Scientists have discovered that not only does your brain go through growth spurts; it also goes though periods of pruning. This ScienCentral News video has more.
What goes on in your brain while your're learning? Two scientists offer a sneak peak underneath our thinking caps.
In the brain, nerve cells, or neurons, grow new connections, which resemble branches on a tree. These branches send and receive signals, and their growth is vital to normal brain function; the more branches there are, the more sites by which a neuron can send and receive information.
"While you're an adult, your brain doesn't just stop growing and doesn't just stop making new connections. It actually forms new connections all the time," says Bonnie Firestein, professor of cell biology and neuroscience at Rutgers University. "We know that when you're learning something, you have new connections made. So, the brain is constantly growing and constantly changing."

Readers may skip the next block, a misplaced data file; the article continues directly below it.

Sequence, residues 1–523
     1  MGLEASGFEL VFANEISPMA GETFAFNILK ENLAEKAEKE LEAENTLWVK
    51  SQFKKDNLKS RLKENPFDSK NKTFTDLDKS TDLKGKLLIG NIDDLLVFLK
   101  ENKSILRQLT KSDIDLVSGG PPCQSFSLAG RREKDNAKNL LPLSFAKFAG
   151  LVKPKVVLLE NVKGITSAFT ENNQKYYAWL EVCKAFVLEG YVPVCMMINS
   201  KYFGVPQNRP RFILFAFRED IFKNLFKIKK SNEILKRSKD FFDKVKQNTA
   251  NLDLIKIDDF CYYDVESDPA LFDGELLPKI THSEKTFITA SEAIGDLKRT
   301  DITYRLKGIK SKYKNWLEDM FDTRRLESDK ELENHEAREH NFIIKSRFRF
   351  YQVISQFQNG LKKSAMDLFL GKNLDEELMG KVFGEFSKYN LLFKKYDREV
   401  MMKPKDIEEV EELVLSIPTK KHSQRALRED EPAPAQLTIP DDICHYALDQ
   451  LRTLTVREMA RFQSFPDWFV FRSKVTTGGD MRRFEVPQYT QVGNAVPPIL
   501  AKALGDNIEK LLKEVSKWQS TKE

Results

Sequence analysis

Firestein has found that a brain chemical called cypin helps nerve cells sprout new branches of communication, and the more cypin you have, the more branches you have. "We know that if you decrease cypin, in our system, you have a lower amount of branches," she explains. "So, right now…we just know that cypin is really important for making the correct number of branches, and that if you increase cypin you get more branches, and that it's been shown that more branches generally corresponds to learning and memory. When you're learning, you're making the nerve cells active, you're having increases in cypin, and then you're having more branches or more wiring so that you can learn."